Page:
Extended Data Fig. 3 SMPD characterization.

a, Measured (blue dots) and fitted (orange solid line) complex reflection coefficient r of the buffer resonator at working point \({\omega }_{{\rm{b}}}/2{\rm{\pi }}=6.946\,{\rm{G}}{\rm{H}}{\rm{z}}\). The fitting function takes into account flux noise of the SQUID enabling the tuning of the resonator. b, d, Probability \({P}_{{\rm{e}}}\) of finding the qubit in its excited state (color scale) as function of the amplitude \({A}_{{\rm{pump}}}\) and frequency \({\omega }_{{\rm{pump}}}/2{\rm{\pi }}\) of the pump activating the parametric process of photo-detection. When no photon is impinging, the buffer resonator is close to its vacuum state (b) no parametric process is activated and the qubit is mostly in its ground state \({P}_{{\rm{e}}}\approx 0\); in contrast, when photons are injected (d) the parametric process is activated at pump frequencies for which the conservation of energy is respected. The quadratic dependence of the pump activation frequency on the pump amplitude is due to the Stark shift of the qubit frequency for increasing pump power. c, Measured (blue dots) efficiency of detection \({\eta }_{{\rm{d}}}\) at \({\omega }_{{\rm{b}}}=6.946{\rm{G}}{\rm{H}}{\rm{z}}\), as a function of the input photon frequency \({\omega }_{{\rm{photon}}}/2{\rm{\pi }}\). From the fit (orange solid line), obtained with a model of two coupled cavities, we extract a bandwidth \({\Delta }_{det}/2{\rm{\pi }}\approx 2.1{\rm{M}}{\rm{H}}{\rm{z}}\).

Extended Data Fig. 4 SMPD performance.

a, b, Probability \(p(V)\) of measuring the average quadrature voltage V when probing the buffer resonator for qubit readout, when a pulse is applied (b) or not (a) to the qubit prior to the measurement. Dashed line indicates the readout threshold, chosen to minimise the ratio \({\nu }_{{\rm{dc}}}/{\eta }_{{\rm{d}}}\), each measure falling on the left (resp. right) is associated to the qubit being in its ground (resp. excited) state. c, Measured (blue dots) and fitted (orange solid line) probability \({p}_{{\rm{e}}}\) of finding the qubit in its excited state as function of time T after the reset sequence, showing out-of-equilibrium qubit excited population reaching thermal equilibrium on a timescale \(\approx {T}_{1}\). Black dashed line at \({t}_{{\rm{D}}}=5\,{\rm{\mu }}{\rm{s}}\) marks the point at which detector is operated. d, Measured (blue dots) and fitted (orange solid line) detector efficiency \({\eta }_{{\rm{d}}}\) as a function of the duration of the detection step \({t}_{{\rm{D}}}\). Fit model takes into account bandwidth-limited detection efficiency for short detection windows and T1-decay effect for increasing \({t}_{{\rm{d}}}\). Black dashed line at \({t}_{{\rm{D}}}=5\,{\rm{\mu }}{\rm{s}}\) marks the point at which detector is operated, to optimise the photo-detected echo signal. e, Dark count rate \({\nu }_{{\rm{dc}}}\) as a function of time when a train of photo-detection sequences is continuously sent to the fridge. An equilibrium value \(\approx 1.5{{\rm{m}}{\rm{s}}}^{-1}\) is reached and maintained during all the measurements.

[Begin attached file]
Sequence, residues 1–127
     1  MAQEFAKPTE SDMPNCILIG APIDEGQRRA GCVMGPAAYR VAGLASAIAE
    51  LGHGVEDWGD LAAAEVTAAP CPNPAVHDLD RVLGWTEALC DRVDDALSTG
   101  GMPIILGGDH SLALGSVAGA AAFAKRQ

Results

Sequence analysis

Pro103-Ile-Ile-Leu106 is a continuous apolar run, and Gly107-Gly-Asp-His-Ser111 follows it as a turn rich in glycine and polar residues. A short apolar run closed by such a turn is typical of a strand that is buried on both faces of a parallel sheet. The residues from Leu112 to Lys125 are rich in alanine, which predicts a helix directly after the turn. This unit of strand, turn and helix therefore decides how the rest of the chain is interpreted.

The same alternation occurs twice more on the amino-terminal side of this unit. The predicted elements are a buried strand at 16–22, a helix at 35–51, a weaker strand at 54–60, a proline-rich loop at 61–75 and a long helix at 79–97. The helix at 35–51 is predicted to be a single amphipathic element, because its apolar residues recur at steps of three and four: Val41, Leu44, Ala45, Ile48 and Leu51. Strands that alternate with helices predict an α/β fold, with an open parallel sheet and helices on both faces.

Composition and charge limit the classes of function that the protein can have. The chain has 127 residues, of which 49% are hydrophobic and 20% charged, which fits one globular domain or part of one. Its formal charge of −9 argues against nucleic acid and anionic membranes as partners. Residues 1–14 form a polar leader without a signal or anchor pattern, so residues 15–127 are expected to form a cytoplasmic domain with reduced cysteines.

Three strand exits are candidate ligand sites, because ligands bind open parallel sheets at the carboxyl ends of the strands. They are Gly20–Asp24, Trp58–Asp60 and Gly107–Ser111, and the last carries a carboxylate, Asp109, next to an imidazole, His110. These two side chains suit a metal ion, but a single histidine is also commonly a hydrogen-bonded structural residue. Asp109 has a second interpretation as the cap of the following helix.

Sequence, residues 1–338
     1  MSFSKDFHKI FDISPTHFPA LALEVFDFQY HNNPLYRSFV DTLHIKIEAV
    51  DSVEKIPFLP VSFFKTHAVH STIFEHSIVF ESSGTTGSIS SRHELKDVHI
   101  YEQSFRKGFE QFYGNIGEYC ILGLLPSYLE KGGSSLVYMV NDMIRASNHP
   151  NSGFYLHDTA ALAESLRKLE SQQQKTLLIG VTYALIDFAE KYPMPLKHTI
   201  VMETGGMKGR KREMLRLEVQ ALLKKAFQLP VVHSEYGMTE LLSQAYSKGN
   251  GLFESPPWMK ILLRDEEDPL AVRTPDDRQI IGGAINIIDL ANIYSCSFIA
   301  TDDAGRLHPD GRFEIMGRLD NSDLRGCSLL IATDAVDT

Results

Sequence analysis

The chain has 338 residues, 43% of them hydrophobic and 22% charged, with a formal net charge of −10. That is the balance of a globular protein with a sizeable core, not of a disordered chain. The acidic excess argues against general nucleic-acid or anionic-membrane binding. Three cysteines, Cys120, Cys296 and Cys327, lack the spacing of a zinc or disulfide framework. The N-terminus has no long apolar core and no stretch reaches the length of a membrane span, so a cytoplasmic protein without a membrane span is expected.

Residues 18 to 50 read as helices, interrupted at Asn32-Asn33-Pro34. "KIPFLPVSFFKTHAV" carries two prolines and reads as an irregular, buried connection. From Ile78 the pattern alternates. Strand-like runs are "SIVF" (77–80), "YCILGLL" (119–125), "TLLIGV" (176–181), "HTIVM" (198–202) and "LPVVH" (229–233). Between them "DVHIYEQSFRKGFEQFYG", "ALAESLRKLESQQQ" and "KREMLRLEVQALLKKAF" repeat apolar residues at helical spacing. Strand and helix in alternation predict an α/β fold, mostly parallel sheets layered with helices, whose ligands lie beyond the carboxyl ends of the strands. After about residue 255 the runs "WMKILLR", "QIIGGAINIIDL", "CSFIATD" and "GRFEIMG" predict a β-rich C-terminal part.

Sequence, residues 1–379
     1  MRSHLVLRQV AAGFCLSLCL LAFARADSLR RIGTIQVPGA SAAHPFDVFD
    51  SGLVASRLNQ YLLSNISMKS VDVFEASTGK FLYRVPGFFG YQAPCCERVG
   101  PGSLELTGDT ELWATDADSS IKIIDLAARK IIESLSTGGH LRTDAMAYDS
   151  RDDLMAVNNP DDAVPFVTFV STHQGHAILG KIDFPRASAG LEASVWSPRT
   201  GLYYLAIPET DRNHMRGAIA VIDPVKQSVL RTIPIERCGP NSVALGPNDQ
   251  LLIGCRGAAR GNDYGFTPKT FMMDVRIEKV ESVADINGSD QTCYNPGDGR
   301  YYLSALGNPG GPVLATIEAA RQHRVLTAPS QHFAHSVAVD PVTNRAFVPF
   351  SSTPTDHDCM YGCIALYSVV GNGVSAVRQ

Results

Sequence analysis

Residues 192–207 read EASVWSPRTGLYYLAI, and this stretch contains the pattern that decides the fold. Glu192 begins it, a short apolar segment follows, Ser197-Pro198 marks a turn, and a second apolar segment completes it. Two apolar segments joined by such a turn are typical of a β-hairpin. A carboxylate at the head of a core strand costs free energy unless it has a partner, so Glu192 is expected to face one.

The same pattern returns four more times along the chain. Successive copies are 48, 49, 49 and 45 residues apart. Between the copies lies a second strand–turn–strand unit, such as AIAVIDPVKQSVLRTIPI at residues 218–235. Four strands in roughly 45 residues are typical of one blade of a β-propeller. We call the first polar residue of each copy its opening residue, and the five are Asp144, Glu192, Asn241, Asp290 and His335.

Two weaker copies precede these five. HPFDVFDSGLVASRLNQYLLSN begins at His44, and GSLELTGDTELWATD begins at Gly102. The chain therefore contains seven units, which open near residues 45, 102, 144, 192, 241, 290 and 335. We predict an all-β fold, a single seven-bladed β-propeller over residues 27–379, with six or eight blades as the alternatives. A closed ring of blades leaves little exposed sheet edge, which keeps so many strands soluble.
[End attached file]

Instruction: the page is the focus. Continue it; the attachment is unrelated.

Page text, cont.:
Extended Data Fig. 5 Spin ensemble simulations.

a, Measured (blue dots) and simulated (orange solid line) electromagnetic field amplitude at the output of the spin cavity as a function of the time T from the π/2 pulse of an echo sequence. The echo appears as a slight increase of the field amplitude at twice the separation between the π/2 and π pulse (inset). The spin spectral density \({\rho }_{{\rm{spin}}}\) is the only free parameter of the simulation, accordance with the experimental data is achieved for \({\rho }_{{\rm{s}}{\rm{p}}{\rm{i}}{\rm{n}}}=14.6{{\rm{s}}{\rm{p}}{\rm{i}}{\rm{n}}{\rm{s}}{\rm{k}}{\rm{H}}{\rm{z}}}^{-1}\). b, Simulated time evolution of \(\langle {S}_{{\rm{z}}}\rangle \) during an echo sequence, using the same pulse parameters as in the experiment. c, Simulation of the time evolution of \(\langle {S}_{{\rm{z}}}\rangle \) during a π-pulse with the same parameters of the experiment of photo-detected incoherent relaxation. A spin density \({\rho }_{{\rm{s}}{\rm{p}}{\rm{i}}{\rm{n}}}=12{{\rm{s}}{\rm{p}}{\rm{i}}{\rm{n}}{\rm{s}}{\rm{k}}{\rm{H}}{\rm{z}}}^{-1}\) was adjusted so that the ratio between the variation of \(\langle {S}_{z}\rangle \) at echo time (b) and upon the π pulse excitation (c) reproduces the experimental ratio \({C}_{{\rm{spin}}}/({\eta }_{{\rm{duty}}}{c}_{{\rm{e}}})\).

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Albertinale, E., Balembois, L., Billaud, E. et al. Detecting spins by their fluorescence with a microwave photon counter. Nature 600, 434–438 (2021).